Expectations Vs. Experiences
You know those moments where you stumble upon something, a thing off the beaten path of your mind, and suddenly you can feel the steady beating in your chest and your eyes widening, the creases deepening on your face without you meaning for them to? And you can sort of feel the oxygen flooding your body, you’re inhaling until you nearly burst with air. You could almost laugh, but nothing’s funny. You feel whole, physically. You’re happy, or euphoric, or at peace, or whatever it’s called when everything feels right.
I think you live to search for the next moment like that, don’t you? Without those moments punctuating time, life feels dull, and so you search.
You scan the faces on the sidewalks, in the cars, in the coffee shop lines, looking for a face to go next to yours. You look for the face that would look like your son’s.
You dig in the plans, the ones that could work and the ones that never did, digging for the one that is your supposed path. It’s the one that has your name embroidered on it. You wring the cities and towns dry, looking for the signals and the symbols to guide you. You’re looking for a compass that points toward happiness, whatever that means.
Searching is tedious when there are so many thoughts and moments to push through, pushing through the traffic and the noise. Searching is especially tedious when you don’t know what you’re searching for. You know you’re searching for something great, striving for a dream. You thought you almost found it once, or maybe twice — it’s possible the count is even higher. You thought you found the method that would bring an abundance of those awe-inducing, wonderful, clear moments, but you arrived and it stood you up.
That’s because you can’t possibly know your dream until it’s happening. The expectations lining your skull, barricading your thoughts, those expectations dampen your experiences. The fragments of life that make you feel like the world is all right — beautiful — and you’re in the right place at the right time, and you could be sure your heart is actually swelling in your chest, are the moments that are never expected. They’re not written in an agenda. You don’t wake up that morning with a warning of them. They fall as they do, and they sweep you off the dirty road you’re on and take you away for a while.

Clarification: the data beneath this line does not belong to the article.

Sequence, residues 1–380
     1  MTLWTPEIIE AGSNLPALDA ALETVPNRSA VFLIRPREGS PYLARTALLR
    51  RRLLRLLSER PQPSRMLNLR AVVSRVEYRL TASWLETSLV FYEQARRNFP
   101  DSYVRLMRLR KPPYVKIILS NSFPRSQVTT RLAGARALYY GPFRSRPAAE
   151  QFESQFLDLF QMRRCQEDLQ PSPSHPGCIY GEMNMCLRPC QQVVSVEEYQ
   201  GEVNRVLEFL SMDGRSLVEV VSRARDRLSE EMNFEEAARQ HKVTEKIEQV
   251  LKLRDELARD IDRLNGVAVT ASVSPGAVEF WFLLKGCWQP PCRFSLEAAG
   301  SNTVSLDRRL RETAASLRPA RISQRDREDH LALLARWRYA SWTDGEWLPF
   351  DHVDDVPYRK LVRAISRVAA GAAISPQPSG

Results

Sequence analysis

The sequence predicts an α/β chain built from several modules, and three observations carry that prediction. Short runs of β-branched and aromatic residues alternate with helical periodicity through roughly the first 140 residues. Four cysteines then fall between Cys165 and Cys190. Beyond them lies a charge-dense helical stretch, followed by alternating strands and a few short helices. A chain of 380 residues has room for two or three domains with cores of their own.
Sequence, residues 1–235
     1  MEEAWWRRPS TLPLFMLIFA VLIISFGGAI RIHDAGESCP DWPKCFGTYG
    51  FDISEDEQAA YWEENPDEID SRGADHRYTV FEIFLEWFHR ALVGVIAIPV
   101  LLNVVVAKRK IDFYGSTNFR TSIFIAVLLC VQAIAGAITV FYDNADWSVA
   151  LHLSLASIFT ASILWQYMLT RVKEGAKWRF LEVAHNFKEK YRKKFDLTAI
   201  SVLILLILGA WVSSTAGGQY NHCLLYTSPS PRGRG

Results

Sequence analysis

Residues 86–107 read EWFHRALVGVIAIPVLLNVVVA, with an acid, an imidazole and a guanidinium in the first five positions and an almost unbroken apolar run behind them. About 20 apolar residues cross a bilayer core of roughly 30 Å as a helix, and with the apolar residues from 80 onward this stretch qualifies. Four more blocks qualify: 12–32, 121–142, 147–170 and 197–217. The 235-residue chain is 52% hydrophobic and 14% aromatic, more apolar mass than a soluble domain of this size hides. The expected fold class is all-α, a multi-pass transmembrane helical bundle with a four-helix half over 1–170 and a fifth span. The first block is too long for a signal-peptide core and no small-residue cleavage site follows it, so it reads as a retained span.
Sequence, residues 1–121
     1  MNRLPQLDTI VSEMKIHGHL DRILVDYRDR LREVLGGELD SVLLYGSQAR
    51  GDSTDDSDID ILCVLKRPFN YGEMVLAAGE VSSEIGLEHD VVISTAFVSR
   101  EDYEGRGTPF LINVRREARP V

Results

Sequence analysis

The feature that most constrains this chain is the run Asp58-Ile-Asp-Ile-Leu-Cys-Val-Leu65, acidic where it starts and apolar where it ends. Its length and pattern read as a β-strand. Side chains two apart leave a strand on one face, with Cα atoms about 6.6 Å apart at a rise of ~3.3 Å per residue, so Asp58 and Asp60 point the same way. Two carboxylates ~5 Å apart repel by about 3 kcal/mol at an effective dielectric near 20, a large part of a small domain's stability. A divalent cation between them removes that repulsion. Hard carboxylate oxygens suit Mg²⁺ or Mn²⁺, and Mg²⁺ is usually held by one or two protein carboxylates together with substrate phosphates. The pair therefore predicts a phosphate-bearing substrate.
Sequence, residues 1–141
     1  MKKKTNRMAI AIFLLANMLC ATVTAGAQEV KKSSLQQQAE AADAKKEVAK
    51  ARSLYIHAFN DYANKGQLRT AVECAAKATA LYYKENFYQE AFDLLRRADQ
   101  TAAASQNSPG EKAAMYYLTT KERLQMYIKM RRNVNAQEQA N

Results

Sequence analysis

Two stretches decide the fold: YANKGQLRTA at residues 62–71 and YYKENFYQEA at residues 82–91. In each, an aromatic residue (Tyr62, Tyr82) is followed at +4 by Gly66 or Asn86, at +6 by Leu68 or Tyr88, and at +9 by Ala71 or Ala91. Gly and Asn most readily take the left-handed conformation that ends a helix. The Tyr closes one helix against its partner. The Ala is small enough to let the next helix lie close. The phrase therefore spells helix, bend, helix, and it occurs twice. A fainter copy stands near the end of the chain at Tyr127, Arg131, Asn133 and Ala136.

It’s troubling to avoid searching for them, but as your lining of expectations thickens, you’ll find the other side never looks like you thought it would. The people you found aren’t sculpted as you wanted. The plans you made cracked, and the places you traveled to didn’t give answers in their walls. You begin living outside of your head, begin seeing what’s there in front of you, without mingling hopes with facts, and without manipulating what is with what should be.
Then, it happens.
It’s there, flooding your body and glowing around you like an aura. You find the feeling in its raw, unexpected form. It’s not as you imagined — because you stopped imagining it.
A | A | A
It started with a right swipe, a little green heart. Tinder of course.
Though I acknowledge and appreciate the differences in human experiences, and while your heartbreak is (and always will be) uniquely and completely your own, I must urge you to consider that I have been where you are.
With his hat cocked back, body tilted away from his cane, and right forefinger pointing directly at his audience, Joseph Ducreux commands the attention of those viewing his self-portrait.
I was born in 1990; he was born in 1973. I’m 23; he just turned 40.